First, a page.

Try printing this page from your browser to use as a reference. Click on this image for a larger version - approx. 11" x 8"
NOTE: The large image size is 11 x 8 inches only when downloaded and printed via a graphics program i.e. paint, paintshop-pro, photoshop or similar.
Printing it via a browser will require a landscape format page-setting and also may produce a smaller image.

#1 - Alizarin Crimson
#2 - French Ultramarine
#3 - Winsor Blue
#4 - CeruleanBlue
#5 - Raw Sienna
#6 - Light Red
#7 - Burnt Umber
#8 - Naples Yellow
#9 - Winsor Yellow

[BG] - Bright Green = #9+#4
[WG] - Warm Green= #9 + #5 + #3
[DG] - Dark Green = #9 + #2

cw refers to the term "charge with" meaning to introduce a colour into a still wet colour.(Wet-in-wet)
sm refers to the term "smallest amount"

click for larger image
Bluebell Wood


Application of washes.
This should be quick using as few strokes as possible to cover any area being worked on. A minimal amount of brush-strokes equals greater purity and translucency of colour. Too much dabbing and scrubbing when applying the colour kills its freshness.
Planning the painting: This is very important!
Mentally paint the picture before proceeding - analyse the source picture above - and please be aware of the colour mixes you are about to apply to each area, and the order in which they are applied, try visualising the result. Will the brush you are about to use carry enough colour - have you mixed enough colour - is the mix strong or weak? Try it out on your - trial pad!

The Foliage:
Mix the three greens [the Basic Colour Mixes indicated above] in separate parts of your palette - begin each mix with Winsor Yellow [#9] then add the other colours in the order indicated.

You will find adding darker colours to the light colour the easiest way of mixing colours.

The Application of colours:
Starting at the top and working down liberally apply the Bright Green colour with your number 12 brush, in random strokes, keep the colour wet don't go over the same area more than twice. When you're about half way down use a number 8 brush to apply the Warm Green colour in the same manner staring at the top and working down allow this darker colour to float into the still wet [BG] as a wet-in-wet effect.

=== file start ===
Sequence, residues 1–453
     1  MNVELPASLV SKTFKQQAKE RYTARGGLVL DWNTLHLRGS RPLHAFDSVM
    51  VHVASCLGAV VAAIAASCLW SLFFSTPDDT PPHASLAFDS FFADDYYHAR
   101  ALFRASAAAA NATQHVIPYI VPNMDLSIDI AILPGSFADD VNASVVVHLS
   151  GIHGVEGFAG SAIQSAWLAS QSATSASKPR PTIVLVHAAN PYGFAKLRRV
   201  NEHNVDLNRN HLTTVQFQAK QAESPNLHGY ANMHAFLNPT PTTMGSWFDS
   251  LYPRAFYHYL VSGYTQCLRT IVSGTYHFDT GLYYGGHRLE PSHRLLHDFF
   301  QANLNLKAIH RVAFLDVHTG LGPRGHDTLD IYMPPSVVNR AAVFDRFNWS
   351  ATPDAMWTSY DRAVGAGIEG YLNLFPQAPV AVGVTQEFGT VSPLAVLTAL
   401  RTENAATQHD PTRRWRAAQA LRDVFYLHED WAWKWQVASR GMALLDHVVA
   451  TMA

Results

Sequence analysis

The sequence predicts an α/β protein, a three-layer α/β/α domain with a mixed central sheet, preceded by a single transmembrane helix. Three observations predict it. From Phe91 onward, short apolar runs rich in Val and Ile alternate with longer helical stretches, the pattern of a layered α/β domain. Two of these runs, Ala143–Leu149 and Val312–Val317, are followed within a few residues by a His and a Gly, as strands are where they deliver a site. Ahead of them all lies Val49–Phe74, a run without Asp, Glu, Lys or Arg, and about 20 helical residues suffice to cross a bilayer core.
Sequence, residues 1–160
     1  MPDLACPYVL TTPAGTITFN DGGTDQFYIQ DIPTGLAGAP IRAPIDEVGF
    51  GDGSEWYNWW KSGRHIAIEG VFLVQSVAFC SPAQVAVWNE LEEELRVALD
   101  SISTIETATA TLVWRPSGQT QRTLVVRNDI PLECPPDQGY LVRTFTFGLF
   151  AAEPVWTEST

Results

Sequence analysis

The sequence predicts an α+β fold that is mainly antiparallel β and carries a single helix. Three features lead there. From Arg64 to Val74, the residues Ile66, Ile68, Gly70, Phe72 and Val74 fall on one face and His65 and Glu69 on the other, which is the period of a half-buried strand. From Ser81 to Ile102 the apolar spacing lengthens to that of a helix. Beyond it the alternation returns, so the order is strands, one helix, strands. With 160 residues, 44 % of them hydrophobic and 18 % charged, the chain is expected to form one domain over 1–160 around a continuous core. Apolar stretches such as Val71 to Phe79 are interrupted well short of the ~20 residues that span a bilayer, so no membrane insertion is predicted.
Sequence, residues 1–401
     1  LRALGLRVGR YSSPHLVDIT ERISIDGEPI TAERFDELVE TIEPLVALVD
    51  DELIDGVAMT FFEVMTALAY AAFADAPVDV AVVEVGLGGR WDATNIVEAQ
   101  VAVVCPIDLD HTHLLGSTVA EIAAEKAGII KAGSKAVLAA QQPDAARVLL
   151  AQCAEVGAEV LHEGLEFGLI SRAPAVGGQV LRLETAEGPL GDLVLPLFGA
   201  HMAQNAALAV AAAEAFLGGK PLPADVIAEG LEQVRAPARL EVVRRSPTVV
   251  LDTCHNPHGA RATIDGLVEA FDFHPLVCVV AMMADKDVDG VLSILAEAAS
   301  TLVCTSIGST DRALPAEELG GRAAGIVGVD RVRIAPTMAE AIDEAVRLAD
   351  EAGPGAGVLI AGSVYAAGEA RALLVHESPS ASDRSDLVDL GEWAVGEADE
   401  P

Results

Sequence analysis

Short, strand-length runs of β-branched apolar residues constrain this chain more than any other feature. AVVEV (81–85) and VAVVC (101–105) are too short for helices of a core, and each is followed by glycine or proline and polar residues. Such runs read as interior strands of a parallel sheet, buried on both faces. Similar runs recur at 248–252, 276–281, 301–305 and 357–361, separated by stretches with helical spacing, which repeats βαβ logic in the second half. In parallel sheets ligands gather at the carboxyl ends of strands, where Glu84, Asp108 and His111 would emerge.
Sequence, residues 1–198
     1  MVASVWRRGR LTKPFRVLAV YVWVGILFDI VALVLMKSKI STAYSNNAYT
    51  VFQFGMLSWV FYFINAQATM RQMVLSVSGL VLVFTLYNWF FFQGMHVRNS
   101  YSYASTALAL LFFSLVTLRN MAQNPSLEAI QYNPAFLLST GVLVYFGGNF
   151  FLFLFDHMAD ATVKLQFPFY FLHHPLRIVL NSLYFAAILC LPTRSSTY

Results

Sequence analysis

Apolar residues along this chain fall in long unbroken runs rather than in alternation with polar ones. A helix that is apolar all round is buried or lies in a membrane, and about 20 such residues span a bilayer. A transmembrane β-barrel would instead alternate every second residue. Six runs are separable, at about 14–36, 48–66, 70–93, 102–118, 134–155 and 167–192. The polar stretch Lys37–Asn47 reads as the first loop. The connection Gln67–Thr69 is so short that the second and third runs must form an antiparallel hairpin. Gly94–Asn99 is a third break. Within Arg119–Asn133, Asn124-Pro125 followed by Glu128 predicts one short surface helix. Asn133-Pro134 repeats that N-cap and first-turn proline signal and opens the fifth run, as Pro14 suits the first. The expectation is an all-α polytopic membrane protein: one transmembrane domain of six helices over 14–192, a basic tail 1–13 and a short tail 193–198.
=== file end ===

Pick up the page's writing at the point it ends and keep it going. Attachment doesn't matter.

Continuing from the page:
Now add the [DG] colour in the same way be careful not to obliterate all of the [BG] colour in the process and now continue down to the line with [BG] as before using the wet-in-wet technique to add the other green mixes as before.
Notice how the green is brought down into the main trees at the base of their trunks..
wow hope that went well for you.

The Lifting Technique:
You will notice that some of the horizontal bands of foliage are quite lighter in chroma than the surrounding areas. This is achieved by using your clean water brush with most of the water squeezed out so that your brush is just damp - stroke out the area necessary before the colour as had time to dry, preferably just after the shine has gone from the colour.
The finished painting shows these bands of horizontal colour almost like clouds in front of the tree trunks.
This could be a good opportunity to benefit from the use of Masking Fluid. I will come to that later before we start the tree trunks

Try all the techniques on your trial pad before attacking your picture.
Examine the UHR1500 pictures to see how the applications have worked,
the detail is so clear you can see how the colours have acted on each other.



art class projects basic materials | art books ]
[ the drawing | painting stage-1 | painting stage-2 | painting stage-3 ]
[ painting-1-11x8 | painting-2-11x8 | painting-3-11x8 ]
[  UHR1500-stage-1  |  UHR1200-stage-2  |  UHR1500-stage-3  ]